The next issue is whether or not the nature of the search and seizure of A and B was illegal, and therefore all evidence found as a result of it, would be inadmissible as fruits of the poisonous tree. The search and seizure of A and B’s car, their subsequent events, and their statements incriminating C, may have violated their rights under the 4th, 5th, and 6th Amendments. Although the park had a reputation of being a high crime area, police officers may not stop and question people out of malice or caprice. There must be some indication that criminality was afoot for an officer to stop and question people. A and B conversing in their car for half an hour does not seem like conduct that would create a reasonable suspicion that they were up to no good. Therefore, there was no obvious reason for the Officer (O) to approach A and B’s vehicle, however, once there, O would be permitted to anything in plain view whose illegality was obvious. A briefcase is not an item that seems illegal on its face so O would not be permitted to take it without probably cause. Although O saw C exit the vehicle, he did not see C enter the vehicle with the briefcase, and therefore had no reason to believe that it contained contraband. B’s response to O that what they were doing was none of his business, may have reasonably created a reasonable suspicion that criminality was afoot. This would permit O to stop and frisk A and B, but would not permit him to search their car and seize items which are not obviously illegal. An officer may stop and frisk people out of safety concerns for himself, meaning he can pat down a person to make sure they do not have any weapons on them. This would not permit the search of a car absent probably cause that there were illegal items inside. Therefore, O’s taking and opening the briefcase was a violation of A and B’s 4th Amendment right to privacy. Nonetheless, C would not have standing to challenge the seizure because he had no expectation of privacy in A and B’s car. Therefore, the guns would be admissible in a trial against C.

B’s statement to O which led him to find C is problematic as well. Upon placing A and B under arrest, O was required under the 5th Amendment to recite their Miranda rights, which would inform them that they have the right to remain silent, anything they say may be used against them, they have the right to counsel and if they cannot afford counsel, it will be appointed to them. Miranda warnings must be given when a person is in police custody and feels they are not free to leave, and when they are interrogated. A and B were clearly under police custody and were not free to leave and O asked them where the handguns came from which was an interrogation. B’s statements implicating C are therefore inadmissible against A and B. Consequently, since they led O to C, everything that occurred after finding C may be precluded as well. Once O seized the guns, however, he may have been able to trace them to C which would break the causal chain and give him an independent reason for seeking out C, so everything that followed which implicated C may be lawful.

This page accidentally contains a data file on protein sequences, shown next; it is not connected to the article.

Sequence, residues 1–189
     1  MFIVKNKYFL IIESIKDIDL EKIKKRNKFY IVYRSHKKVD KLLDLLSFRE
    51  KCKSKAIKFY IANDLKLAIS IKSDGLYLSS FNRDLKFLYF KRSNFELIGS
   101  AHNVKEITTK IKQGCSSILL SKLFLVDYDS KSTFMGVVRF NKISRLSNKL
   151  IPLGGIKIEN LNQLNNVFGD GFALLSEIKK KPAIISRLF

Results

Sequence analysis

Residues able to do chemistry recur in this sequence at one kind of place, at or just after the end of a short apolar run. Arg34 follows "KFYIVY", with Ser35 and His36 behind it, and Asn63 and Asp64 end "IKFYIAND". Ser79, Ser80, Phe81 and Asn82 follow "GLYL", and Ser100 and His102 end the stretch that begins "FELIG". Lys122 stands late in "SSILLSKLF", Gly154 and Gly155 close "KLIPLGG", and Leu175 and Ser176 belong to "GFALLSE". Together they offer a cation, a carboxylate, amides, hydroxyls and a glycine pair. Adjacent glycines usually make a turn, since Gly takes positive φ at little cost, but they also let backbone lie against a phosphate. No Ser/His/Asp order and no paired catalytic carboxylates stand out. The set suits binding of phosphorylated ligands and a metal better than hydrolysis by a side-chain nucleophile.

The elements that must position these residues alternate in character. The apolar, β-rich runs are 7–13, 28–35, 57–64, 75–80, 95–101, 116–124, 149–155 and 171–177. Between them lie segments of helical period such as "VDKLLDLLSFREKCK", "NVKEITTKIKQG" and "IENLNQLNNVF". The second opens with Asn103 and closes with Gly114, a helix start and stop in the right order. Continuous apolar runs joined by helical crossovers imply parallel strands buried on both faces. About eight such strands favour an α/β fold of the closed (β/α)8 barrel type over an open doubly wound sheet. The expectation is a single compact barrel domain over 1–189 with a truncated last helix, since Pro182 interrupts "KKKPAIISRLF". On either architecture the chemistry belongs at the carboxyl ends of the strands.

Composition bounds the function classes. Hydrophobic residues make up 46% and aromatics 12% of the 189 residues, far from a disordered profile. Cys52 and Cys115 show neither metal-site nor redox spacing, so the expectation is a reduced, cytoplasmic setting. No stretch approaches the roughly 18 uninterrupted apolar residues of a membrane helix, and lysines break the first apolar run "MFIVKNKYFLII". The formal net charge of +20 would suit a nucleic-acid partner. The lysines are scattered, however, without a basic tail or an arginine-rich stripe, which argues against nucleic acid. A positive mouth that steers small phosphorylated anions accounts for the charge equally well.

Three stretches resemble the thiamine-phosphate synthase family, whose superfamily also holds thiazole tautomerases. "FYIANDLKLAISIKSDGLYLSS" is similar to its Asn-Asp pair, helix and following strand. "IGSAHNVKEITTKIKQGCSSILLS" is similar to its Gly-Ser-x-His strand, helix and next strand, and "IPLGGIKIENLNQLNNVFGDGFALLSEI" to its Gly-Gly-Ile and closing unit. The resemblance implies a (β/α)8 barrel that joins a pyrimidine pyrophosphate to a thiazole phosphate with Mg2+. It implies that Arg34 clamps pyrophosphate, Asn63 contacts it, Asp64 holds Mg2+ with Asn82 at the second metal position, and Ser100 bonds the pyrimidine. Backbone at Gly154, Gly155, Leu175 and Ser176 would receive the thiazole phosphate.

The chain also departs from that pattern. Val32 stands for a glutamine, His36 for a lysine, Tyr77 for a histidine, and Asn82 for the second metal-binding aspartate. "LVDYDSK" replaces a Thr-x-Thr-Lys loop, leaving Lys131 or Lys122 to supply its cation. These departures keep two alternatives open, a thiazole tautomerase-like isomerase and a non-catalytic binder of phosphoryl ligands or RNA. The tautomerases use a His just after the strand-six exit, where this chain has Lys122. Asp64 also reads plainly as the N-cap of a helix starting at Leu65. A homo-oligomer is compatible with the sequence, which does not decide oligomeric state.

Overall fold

The next crime that C may be charged with is murder or manslaughter of the O. C may argue that although O did have enough probable cause to believe that C may be guilty of illegal conduct, there did not seem to be exigent circumstances that would permit O to enter C’s house and arrest him without a warrant, thus violating C’s 4th Amendment right against unreasonable search and seizure. C selling handguns does not seem to be exigent circumstances where there was a fear that C would flee or that he could easily dispose of the illegal firearms prior to O obtaining a search warrant. Additionally, this was not a hot pursuit which may permit police officers to enter private homes without a search warrant. Although O knocked before entering, the know and announce rule applies to searches conducted pursuant to a warrant, which O did not do. Therefore O’s entering C’s house was illegal and violated C’s right of privacy. The unintelligible yelling that O heard from the interior of the home may constitute exigent circumstances because O may have felt that someone was in danger inside the house. If this was a reasonable belief, O’s entrance into the house may have been warranted.

In order to find O guilty for murder, he must have had the intent to murder. This includes intent to kill, intent to cause severe bodily injury, depraved indifference of risk of death and a murder committing during or in immediate flight of a felony. First degree murder involves premeditation and deliberation, which C clearly did not have because he was watching TV when O came into his house and C did not even know of O’s existence. All other types of murder fall under second degree murder. Although we can infer that C had the intent to kill or cause severe bodily harm to O by shooting him in the leg, murder can be reduced to manslaughter if C can raise the defense of self-defense and prove that his actions were reasonable by a preponderance of the evidence. C will argue that a stranger breaking into his house led him to reasonably believe that he was in imminent danger of life or serious injury, which would permit him to use deadly force to defend himself. In order to assert the defense of self-defense, a person may only use the amount of force reasonable to prevent the injury from occurring. Therefore, if C believed his life was at risk, he would be permitted to use deadly force against O. While killing an officer in the line of the duty will usually make a crime more severe, C was not committing a crime at the time and if it was dark while he was watching a movie and did not see that O was a police officer, it will be irrelevant that O was a police officer.